Under the Holy Roman Emperor (and King of Spain) Charles V, there was a 17-province area called the Netherlands that included most of present-day Netherlands, Belgium, Luxembourg and parts of France and Germany. The Eighty Years’ War between the provinces and Spain began in 1568; in 1648 Spanish king Philip IV recognized Dutch independence in the Treaty of Münster. The 17th and 18th centuries were a Dutch Golden Age; the Dutch United provinces became a leading seafaring and commercial power, with settlements and colonies around the world, including Asia, South America, West Africa and South Africa. After a 20-year French occupation, a Kingdom of the Netherlands was formed in 1815 under King William I. In 1830 Belgium seceded and formed a separate kingdom. During the 19th century the Netherlands was slow to industrialize, mostly due to the complexities of modernizing its system of waterways and windmills.
The Netherlands remained neutral in World War I, but suffered invasion and occupation by Germany in World War II. The government continued to function in exile in England. The Allies attempted to liberate the Netherlands but the Nazis confiscated so much food and livestock that there was a deathly famine in 1944. German forces held out until the Nazi surrender of May 1945 that ended the war, which took place in the Netherlands at Wageningen.
Since the War ended, the Dutch economy has prospered. The Netherlands are part of the Benelux (Belgium, Netherlands, Luxembourg) union formed under various names in the 20th century, and was a founding member of NATO and the EEC (now the EU). A modern, industrialized nation, the Netherlands is still a large exporter of agricultural products—largely processed mechanically. Near Amsterdam is the Hague, third largest city in the Netherlands, known as the world’s legal capital because it hosts four international courts including the International Court of Justice.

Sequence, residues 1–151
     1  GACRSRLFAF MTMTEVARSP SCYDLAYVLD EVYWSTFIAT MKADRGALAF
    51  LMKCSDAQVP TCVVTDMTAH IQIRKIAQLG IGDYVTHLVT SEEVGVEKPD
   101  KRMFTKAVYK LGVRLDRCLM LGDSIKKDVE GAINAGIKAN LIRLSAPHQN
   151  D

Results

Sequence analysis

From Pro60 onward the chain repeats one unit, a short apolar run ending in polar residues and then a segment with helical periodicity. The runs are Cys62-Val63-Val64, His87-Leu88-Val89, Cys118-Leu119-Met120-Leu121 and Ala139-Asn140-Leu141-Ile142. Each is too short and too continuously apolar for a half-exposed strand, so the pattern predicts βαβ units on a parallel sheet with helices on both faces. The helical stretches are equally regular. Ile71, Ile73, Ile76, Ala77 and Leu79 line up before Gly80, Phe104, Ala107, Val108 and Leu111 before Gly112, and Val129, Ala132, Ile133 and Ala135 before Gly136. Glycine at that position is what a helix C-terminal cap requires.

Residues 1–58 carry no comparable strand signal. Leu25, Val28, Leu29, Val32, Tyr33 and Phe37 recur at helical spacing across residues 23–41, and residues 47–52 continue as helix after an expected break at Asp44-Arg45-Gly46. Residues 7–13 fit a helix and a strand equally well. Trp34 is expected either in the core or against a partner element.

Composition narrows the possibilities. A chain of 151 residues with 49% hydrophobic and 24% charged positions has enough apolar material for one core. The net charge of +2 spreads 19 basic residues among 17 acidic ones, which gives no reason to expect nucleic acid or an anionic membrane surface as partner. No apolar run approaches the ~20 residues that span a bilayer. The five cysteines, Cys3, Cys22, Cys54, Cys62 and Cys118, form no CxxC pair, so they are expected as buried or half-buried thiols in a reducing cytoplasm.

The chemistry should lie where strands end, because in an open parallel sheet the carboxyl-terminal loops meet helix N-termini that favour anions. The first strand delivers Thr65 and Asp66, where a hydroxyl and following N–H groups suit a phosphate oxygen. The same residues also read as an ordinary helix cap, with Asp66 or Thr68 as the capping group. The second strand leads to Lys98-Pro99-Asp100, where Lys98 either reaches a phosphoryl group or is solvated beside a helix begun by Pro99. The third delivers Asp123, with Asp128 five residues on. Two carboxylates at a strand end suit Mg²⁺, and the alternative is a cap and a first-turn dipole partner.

The Netherlands has been home to some of the world’s finest painters, including Dutch Masters such as Rembrandt, Vermeer and Jan Steen and more modern artists such as van Gogh, Mondrian, Escher and de Kooning. The Netherlands also produced philosophers such as Erasmus and Spinoza, and all of Descartes’ major work was done there. Christiaan Huygens, a Dutch scientist, discovered Saturn’s moon Titan and also invented the pendulum clock. The country’s best-known writer is probably the late Anne Frank, whose posthumously published diary has been translated from the Dutch into more than 50 languages. The country is especially known for its beautiful tulips, originally imported from Turkey in the Persian Empire (the name “tulip” is etymologically related to the word for “turban”). In the 17th century demand for the bulbs generated what is thought to have been the first international mania, with prices being bid up to outlandish levels.